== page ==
Last month I was in Ukraine with work. We didn’t make it to any Ukrainian restaurant, but we did go to a fantastic Georgian place that served the most amazing cheese-stuffed bread. I asked out hosts about it and found out it was a Georgian speciality called Khachapuri bread. When I got back home I looked it up on the intertubes and found the recipe on a Georgian website, so of course I had to make it myself.
As I’m just making a single one I halved the recipe, so for the dough I’m using:
- 500g strong white flour
- 1 medium egg
- 1.5 tsp instant yeast
- 1 tbsp soft brown sugar
- 100ml warm water
- 100ml milk
- 30ml olive oil
Making the dough is pretty straightforward, basically bung it all in a bowl and mix by hand!
Once formed into a ball it’s very dry, but I was good and didn’t start fiddling with the recipe!
That raises for two hours… and while it hadn’t risen like the recipe shows, but it had risen.
Despite how dry it is, even more flour is added at this point! 75 grams, but I couldn’t get that much in… I guess I got about 50g extra in.
The filling should really be the Georgian cheese Sulguni, but I couldn’t find any, despite trying both major supermarkets and Borough Market. However you can apparently use a mix of mozzarella and feta, so that’s what I did. And in a futile attempt to keep the calories down in a cheese-stuffed bread, I went for reduced fat cheeses:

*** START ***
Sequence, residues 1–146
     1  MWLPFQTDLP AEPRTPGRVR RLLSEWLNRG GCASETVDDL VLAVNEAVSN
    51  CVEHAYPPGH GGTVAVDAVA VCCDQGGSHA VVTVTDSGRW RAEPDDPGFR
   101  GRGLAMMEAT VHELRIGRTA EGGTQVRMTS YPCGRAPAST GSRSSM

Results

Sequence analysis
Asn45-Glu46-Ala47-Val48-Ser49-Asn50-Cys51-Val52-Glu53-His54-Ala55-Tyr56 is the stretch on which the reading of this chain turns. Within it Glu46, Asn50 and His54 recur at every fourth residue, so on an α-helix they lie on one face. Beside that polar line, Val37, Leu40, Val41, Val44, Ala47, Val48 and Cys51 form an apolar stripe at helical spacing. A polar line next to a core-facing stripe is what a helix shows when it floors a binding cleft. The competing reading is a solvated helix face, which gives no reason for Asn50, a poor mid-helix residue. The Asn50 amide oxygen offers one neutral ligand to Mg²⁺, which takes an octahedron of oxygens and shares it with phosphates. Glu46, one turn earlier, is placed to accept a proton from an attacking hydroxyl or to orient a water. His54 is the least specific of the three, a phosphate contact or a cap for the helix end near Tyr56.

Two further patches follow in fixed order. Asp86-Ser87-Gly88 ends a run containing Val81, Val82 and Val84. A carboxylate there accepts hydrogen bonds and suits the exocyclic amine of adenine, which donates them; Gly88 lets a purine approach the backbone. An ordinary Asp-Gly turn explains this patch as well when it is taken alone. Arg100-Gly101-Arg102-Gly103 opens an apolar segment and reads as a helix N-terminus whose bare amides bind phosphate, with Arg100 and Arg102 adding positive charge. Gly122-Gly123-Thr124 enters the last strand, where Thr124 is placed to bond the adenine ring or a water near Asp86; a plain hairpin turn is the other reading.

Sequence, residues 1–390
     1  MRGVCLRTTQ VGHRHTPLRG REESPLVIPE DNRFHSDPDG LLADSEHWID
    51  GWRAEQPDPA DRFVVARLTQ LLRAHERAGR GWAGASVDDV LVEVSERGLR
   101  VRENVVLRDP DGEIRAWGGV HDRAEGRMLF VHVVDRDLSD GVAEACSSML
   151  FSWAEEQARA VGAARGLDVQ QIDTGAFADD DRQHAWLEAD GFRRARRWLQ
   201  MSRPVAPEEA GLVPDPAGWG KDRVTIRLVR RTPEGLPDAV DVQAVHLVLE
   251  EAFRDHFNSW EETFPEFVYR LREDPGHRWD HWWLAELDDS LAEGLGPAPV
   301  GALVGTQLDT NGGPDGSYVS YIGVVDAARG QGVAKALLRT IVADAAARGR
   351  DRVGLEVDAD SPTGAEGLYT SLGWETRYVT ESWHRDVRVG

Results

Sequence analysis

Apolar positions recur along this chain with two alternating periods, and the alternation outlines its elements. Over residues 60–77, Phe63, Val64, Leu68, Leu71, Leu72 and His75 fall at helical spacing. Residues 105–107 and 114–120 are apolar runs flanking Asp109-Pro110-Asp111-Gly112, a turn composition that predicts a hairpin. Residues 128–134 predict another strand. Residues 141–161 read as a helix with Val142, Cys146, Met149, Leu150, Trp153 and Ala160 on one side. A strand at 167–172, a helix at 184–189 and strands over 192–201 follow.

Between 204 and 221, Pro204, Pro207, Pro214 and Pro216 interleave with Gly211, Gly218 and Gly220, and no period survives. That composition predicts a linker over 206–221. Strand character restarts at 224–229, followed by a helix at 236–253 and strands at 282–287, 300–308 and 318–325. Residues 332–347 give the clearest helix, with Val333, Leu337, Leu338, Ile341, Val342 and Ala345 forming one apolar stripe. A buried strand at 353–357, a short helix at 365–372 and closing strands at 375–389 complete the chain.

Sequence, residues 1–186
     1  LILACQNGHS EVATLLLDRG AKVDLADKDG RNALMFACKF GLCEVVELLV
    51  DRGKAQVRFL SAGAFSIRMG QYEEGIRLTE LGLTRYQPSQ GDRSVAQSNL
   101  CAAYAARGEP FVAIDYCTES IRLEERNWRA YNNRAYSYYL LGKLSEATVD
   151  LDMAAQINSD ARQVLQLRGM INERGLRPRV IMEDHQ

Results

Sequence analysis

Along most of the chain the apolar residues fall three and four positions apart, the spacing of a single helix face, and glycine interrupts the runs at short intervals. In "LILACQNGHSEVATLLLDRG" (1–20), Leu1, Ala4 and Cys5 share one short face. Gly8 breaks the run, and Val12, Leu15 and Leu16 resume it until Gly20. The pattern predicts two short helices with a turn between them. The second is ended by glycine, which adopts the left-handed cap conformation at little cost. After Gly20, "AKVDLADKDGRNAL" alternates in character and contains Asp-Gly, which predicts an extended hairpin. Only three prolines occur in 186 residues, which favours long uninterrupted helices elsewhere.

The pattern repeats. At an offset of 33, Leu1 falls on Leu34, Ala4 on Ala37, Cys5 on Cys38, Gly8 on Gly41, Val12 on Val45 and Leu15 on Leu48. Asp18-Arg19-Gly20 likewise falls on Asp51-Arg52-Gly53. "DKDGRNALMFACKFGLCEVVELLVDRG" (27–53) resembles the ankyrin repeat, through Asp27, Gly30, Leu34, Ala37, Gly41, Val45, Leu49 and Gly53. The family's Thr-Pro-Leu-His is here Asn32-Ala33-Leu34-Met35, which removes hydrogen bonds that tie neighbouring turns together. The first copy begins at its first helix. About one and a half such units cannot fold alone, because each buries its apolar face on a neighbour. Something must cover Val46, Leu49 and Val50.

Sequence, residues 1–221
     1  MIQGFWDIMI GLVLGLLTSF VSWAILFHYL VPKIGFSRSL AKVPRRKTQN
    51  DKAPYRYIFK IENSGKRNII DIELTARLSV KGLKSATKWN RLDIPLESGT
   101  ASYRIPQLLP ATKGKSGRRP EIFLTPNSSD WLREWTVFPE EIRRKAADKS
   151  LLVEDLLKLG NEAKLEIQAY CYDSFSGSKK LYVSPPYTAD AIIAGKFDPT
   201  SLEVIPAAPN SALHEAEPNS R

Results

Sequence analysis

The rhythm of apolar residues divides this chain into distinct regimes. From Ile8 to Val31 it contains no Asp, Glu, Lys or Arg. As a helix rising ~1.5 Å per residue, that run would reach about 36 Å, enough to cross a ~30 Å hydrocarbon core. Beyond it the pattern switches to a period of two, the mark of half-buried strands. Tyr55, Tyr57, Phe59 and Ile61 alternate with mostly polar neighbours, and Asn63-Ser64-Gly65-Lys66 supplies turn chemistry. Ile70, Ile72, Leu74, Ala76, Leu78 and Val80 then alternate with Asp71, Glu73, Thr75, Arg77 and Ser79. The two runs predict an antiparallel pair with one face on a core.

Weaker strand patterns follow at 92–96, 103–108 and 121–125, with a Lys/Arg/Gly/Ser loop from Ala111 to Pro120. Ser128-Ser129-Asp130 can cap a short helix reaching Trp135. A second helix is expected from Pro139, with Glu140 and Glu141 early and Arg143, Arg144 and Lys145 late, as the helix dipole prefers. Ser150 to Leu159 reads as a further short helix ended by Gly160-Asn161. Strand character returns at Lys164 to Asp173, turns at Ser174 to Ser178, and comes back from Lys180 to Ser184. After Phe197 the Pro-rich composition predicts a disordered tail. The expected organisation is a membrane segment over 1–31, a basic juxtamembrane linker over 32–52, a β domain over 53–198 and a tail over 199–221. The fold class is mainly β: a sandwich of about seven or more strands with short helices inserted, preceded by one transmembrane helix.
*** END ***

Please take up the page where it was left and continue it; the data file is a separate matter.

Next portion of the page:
- One ball (125g) reduced fat mozzarella
- 200g reduced fat feta
- 30g butter
- 1 medium egg
The cheese and butter all gets grated.
This gets mixed up with the whisked egg.
This gets added in the middle of the rolled out dough.
You then turn it over and flatten as much as you can. I didn’t get it that flat… it kept springing up, and I was worried if I pushed too hard I’d split the dough. I put it on a silicone sheet in a pizza peel to make it easier to get into the oven.
Finally you do an egg yolk wash, and I sprinkled some reduced fat cheddar on top, as I remember the bread I had having cheese on top.
One of the hardest things about making bread is letting it cool before eating it. Thankfully this bread is made to be eaten hot! So we served up on salad and ate it… and it was amazing! Not as flat as the bread I had in Ukraine, but just a nice!